Fertility clinics and add-ons: the importance of using add-ons responsibly

Dr Debbie Blake at Repromed Auckland

By Dr Debbie Blake, Scientific Director


Those who have gone through fertility treatment over the past decade, may have been offered an ‘add-on’, or optional extra, by their fertility specialist. These include a range of procedures that aim to increase the chance of an embryo implanting into the uterus and leading to a live birth. Some of these additional extras involve genetic screening of biopsied embryos (PGT-A) or stimulating beneficial receptors in the uterus with a variety of solutions – all of which come at additional costs.

Recently the practice of offering add-ons has come under fire, for the potential they can be indiscriminately used for clients who may be desperate to try anything to have a baby, regardless of the level of evidence to support its use.

The counter argument is if fertility clinics fail to offer some select add-ons, then they may well be disadvantaging their clients who do indeed fit the specific criteria for those who will benefit.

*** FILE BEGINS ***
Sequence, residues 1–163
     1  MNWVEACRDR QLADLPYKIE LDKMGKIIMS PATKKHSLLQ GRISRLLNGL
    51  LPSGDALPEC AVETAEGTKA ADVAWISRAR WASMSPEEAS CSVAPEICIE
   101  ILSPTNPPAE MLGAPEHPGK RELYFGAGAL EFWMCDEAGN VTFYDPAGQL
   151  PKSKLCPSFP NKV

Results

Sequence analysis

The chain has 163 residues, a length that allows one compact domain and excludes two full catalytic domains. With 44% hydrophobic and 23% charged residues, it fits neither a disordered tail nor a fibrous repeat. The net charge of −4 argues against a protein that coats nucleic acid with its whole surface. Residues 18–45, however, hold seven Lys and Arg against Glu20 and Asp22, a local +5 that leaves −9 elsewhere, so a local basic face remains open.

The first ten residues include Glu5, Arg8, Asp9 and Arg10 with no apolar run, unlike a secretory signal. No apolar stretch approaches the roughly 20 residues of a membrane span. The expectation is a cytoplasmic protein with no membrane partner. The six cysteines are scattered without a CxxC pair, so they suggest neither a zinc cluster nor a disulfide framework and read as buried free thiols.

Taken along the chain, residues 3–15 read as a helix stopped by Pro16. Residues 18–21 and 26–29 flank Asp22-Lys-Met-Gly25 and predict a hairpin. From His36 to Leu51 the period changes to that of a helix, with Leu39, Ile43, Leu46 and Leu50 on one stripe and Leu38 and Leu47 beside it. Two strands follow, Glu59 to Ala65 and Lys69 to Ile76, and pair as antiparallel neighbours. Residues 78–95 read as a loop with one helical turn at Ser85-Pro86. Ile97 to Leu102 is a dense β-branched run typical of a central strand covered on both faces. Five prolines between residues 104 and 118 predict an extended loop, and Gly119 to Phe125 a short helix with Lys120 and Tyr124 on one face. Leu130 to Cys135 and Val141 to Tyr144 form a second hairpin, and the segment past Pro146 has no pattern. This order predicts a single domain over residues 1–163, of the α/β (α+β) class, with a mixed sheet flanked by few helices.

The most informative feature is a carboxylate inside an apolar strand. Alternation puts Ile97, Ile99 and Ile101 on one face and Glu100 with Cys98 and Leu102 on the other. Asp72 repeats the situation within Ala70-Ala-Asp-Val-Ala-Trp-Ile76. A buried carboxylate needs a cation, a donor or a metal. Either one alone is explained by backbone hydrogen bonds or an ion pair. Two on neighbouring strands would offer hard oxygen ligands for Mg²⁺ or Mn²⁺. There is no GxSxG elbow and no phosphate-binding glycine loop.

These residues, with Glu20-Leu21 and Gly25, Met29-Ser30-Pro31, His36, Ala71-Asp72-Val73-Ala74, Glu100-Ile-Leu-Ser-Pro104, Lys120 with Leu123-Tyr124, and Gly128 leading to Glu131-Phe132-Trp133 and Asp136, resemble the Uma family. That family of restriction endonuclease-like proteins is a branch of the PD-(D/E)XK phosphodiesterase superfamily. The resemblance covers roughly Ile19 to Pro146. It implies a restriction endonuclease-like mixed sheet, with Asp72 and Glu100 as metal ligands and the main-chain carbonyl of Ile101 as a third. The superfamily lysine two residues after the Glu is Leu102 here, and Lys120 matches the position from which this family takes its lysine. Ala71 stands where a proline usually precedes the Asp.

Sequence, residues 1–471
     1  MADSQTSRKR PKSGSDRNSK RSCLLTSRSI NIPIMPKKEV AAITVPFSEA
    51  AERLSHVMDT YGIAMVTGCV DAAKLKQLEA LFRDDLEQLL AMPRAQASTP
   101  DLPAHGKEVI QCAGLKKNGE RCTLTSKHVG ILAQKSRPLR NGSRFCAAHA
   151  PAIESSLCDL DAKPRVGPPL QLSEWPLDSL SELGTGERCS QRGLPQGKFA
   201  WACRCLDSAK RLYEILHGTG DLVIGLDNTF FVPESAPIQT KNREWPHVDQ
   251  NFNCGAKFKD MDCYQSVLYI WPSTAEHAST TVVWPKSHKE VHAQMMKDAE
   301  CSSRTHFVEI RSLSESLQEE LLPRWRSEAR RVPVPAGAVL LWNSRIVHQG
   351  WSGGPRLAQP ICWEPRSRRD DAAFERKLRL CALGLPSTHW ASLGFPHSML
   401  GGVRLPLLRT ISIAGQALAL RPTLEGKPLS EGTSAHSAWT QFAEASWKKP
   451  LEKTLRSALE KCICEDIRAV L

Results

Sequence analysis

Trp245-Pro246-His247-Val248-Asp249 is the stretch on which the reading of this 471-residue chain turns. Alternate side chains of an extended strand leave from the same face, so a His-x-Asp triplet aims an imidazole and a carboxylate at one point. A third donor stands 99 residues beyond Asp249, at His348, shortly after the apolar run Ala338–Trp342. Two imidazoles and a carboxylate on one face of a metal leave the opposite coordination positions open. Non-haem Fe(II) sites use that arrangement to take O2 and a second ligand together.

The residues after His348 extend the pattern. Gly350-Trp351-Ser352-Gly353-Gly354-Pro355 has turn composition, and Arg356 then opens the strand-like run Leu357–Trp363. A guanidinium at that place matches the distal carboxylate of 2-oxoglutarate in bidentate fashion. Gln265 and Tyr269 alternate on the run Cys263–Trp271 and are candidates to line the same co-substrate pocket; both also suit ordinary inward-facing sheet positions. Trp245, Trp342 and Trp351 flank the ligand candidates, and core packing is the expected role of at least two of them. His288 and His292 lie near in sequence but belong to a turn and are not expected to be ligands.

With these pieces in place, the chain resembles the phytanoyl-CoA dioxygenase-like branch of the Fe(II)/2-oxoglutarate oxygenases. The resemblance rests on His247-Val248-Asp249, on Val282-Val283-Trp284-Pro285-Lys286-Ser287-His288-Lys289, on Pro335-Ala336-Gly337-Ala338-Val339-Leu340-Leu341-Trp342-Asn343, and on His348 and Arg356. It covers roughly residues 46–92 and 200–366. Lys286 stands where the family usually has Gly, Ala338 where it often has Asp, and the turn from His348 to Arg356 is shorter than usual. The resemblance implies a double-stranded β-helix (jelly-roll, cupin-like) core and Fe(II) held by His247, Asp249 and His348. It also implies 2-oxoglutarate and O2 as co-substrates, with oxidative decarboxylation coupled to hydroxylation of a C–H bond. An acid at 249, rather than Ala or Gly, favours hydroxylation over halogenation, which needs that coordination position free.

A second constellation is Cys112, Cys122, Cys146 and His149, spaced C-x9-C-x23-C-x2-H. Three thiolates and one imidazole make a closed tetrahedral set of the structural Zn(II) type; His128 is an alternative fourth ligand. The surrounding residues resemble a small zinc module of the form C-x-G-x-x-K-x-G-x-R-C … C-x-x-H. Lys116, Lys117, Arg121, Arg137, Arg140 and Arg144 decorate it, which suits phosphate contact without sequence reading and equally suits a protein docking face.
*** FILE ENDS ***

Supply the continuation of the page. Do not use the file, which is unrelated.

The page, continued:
Providers of fertility treatments must therefore strike a calculated balance between staying abreast of the most current promising technology and offering proven, ethical and safe treatments. After 30 years of involvement in research and clinical and embryology, I believe this balance can be successfully achieved through a series of judicious practices.

The three key pillars of introducing emerging technologies are 1) performing due diligence by critically assessing published data, 2) ensuring clients are offered them only when indicated followed by Informed Consent and 3) the results are closely monitored and continuously reviewed.

If you are experiencing the heartache and challenge of infertility, the chances are you will seek the assistance of a clinic that offers you a range of innovative treatments that can provide you with the greatest success rate, for your individual needs. In this age of social media, hot off the press research gains rapid worldwide attention, and clinics are finding clients themselves are requesting novel add-ons that they have heard about. It is however important that fertility practitioners resist market pressure and adhere to their routine systematic approach of expert evaluation when introducing new practices.